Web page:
Despite the incentives, the overall investment in PCMH transformation remains a significant barrier in the promotion of more accountable care. In particular, the process can be daunting for small and independent practices. Two studies are illustrative of the problem:

  • A regional study of costs associated with sustaining a PCMH, published in the Annals of Family Medicine in 2015, revealed that the average cost per full-time equivalent primary care clinician was $7,691 per month for Utah practices and $9,658 for practices in Colorado (costs varied across practices). PCMH incremental costs per encounter were $32.71 in Utah and $36.68 in Colorado.
  • A more recent study, this one published in 2016 in the Journal of General Internal Medicine, found similar concerns about estimated costs for PCMH practices participating in the Pennsylvania Chronic Care Initiative (PACCI). The PACCI was a statewide, multi-payer PCMH pilot program. It was determined to have successfully reduced costly procedures while improving overall care. But practices incurred a median cost of $30,991 each associated with their PCMH transformation – equivalent to $9,814 per clinician and $8 per patient. The study also found the median ongoing annual cost associated with transformation was $147,573 per practice – an equivalent of $64,768 per clinician and $30 per patient. In the PACCI study, as much as 60% of the costs associated with PCMH transformation were attributed to care management activities. Costs were found to be a greater burden on small and independent practices, as opposed to large and system-affiliated practices.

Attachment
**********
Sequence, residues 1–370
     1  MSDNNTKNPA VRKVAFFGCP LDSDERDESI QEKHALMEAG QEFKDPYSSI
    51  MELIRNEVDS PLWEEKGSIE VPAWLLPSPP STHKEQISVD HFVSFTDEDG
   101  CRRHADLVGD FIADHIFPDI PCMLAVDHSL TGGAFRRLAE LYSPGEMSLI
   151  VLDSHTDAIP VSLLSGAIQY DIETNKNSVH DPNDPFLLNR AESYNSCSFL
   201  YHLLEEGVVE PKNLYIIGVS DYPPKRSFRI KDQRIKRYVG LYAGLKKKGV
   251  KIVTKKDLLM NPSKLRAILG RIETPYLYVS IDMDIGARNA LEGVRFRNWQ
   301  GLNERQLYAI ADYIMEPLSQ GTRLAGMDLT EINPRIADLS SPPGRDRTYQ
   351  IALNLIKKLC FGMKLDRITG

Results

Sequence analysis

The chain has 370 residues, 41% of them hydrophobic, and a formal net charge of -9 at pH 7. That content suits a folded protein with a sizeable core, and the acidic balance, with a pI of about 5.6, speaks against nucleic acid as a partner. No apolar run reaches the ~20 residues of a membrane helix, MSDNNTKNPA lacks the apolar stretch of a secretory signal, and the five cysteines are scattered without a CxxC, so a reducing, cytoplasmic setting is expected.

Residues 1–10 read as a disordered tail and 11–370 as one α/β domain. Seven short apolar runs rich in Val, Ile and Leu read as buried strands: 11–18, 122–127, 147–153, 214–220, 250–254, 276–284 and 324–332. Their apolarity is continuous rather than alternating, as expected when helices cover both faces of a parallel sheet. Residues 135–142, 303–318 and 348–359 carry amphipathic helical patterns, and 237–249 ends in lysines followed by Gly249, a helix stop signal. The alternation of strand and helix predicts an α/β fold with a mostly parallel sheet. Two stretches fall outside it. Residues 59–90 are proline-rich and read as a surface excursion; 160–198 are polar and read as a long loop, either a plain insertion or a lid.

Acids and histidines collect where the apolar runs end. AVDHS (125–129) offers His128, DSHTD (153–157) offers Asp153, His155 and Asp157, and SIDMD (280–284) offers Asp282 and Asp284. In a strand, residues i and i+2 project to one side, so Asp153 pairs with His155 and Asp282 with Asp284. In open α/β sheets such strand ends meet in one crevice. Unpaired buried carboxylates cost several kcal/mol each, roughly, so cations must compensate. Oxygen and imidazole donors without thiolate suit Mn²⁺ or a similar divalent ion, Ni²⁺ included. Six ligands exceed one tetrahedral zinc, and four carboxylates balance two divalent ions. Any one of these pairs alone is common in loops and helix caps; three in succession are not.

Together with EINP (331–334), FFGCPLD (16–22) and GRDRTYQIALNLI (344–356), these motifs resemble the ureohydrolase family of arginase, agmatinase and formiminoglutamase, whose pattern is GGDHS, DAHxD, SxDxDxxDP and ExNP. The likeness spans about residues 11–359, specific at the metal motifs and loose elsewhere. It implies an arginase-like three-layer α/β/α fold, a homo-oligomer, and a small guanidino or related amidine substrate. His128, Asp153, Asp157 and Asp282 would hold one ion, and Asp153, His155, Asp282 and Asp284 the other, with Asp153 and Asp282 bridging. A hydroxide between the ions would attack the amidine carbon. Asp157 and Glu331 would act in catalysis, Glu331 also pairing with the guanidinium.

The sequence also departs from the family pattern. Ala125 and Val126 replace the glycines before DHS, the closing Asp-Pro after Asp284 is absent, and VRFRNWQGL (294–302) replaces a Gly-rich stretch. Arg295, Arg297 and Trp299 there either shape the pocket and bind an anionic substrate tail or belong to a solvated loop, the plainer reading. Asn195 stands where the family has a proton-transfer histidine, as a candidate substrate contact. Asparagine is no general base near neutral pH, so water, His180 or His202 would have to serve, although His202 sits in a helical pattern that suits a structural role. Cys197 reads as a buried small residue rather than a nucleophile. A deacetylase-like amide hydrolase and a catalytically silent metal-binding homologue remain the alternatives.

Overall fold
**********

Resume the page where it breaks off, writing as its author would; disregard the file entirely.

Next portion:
Adding to the problem, safety net health centers providing primary care to underserved, minority, and low-income patients may face unique challenges related to PCMH transformation. This can include more frequent staff turnover and patients with complex needs. These specific providers may also have issues securing the steady funding streams that are considered necessary to building and maintaining a PCMH organization.